Yesterday I had to call Dad because our flight to New Zealand for Christmas was cancelled and had to be rescheduled and I needed to know when we were flying out, so I could make new plans for boarding That Bloody Cat, aka The Wuz. When he answered, he was very distracted and rushed and said, ‘I have to go, we’re getting something delivered’. Later, I called back and it turned out they were getting a horse delivered. I was all, ‘Of course. Because I get horses delivered all the time, spontaneously. I hate when I accidentally buy a horse and have to get it delivered’.

    I just assumed they had bought the horse, but I found out later that the story was much more awesome than that.

    At Mum’s work, they’ve been doing Secret Santa, and about three days ago, a bag appeared with her name on it and in the bag were some red and green, large-ish scrubbing brushes. She was puzzled, especially when someone said they thought that the brushes were actually horse grooming brushes. Especially when someone suggested that maybe someone was trying to give her a hint about being a horse [and I shake my fist at you anonymous insulter]. Even stranger was the fact that the bag and the brushes didn’t seem to have anything to do with Secret Santa or any of the other staff.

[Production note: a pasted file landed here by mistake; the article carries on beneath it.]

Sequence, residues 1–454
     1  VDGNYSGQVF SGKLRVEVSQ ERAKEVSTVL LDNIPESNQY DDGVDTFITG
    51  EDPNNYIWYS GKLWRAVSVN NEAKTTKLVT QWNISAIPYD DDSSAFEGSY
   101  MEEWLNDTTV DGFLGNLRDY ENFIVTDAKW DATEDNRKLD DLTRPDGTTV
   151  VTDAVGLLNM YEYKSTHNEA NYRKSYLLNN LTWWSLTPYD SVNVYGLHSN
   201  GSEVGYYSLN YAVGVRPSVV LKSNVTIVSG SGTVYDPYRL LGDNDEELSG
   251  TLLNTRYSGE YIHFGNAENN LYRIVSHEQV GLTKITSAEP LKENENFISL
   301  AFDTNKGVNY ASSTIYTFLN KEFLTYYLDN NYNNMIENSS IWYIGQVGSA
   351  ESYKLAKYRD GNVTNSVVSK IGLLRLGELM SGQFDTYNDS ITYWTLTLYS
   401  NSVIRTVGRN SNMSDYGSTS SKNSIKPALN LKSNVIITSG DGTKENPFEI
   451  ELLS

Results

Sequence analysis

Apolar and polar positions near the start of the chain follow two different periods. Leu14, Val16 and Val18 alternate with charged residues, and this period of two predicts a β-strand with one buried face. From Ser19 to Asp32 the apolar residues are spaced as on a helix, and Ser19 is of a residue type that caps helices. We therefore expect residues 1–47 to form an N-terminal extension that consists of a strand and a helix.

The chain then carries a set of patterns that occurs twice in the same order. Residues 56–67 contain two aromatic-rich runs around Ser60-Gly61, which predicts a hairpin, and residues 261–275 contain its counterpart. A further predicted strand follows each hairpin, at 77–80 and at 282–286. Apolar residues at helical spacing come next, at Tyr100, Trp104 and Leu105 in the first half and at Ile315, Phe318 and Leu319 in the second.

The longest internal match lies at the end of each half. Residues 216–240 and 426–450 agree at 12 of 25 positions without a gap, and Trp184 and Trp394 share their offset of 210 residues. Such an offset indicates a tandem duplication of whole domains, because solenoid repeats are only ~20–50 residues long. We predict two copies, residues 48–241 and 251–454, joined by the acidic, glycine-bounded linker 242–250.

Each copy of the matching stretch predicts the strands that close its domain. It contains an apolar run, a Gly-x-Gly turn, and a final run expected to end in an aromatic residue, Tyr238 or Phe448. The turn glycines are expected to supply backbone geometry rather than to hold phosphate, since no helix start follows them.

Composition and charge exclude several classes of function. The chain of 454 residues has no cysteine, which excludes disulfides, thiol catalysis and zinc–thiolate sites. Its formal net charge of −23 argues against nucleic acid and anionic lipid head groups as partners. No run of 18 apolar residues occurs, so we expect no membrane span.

Yesterday afternoon, Mum’s friend June dropped into her classroom to have a chat. June and her husband Tony are old friends of my parents, because my dad is a stock and station agent, and Tony drives cattle trucks. Tony and June’s grand kids go to my mum’s school.

    June asked Mum to stop into their place on the way home, because they had something they needed her to give to Dad. This seemed a bit weird, but whatever.

    When she dropped by, Tony handed her a piece of paper, on which was a description of a horse. An old stock horse, ready to retire somewhere nice and eat lots of grass and get lots of pats.

    Here I need to digress and say that Mum’s lifelong dream has been to own a horse, she loves them. When she was growing up, she used to go and muck out stables on the weekends just to be near horses, but she was a Sydney girl and it was never feasible to own one. When she and Dad moved to the farm, she spoke about getting one, but wasn’t sure how confident she would be riding anymore, so she let the dream go. But she used to talk to Tony about it and Tony is a fellow horse lover. So Tony got an idea…

    Tony and June bought my mum a horse. And they had him in the back of a truck at their place yesterday afternoon, ready to take out to the farm.

    My mum was so excited when I spoke to her, and I think it’s such a great story.

    So now, when I visit the farm, I’ll get to hang out with Tony the Pony!Welcome to the family equine brother!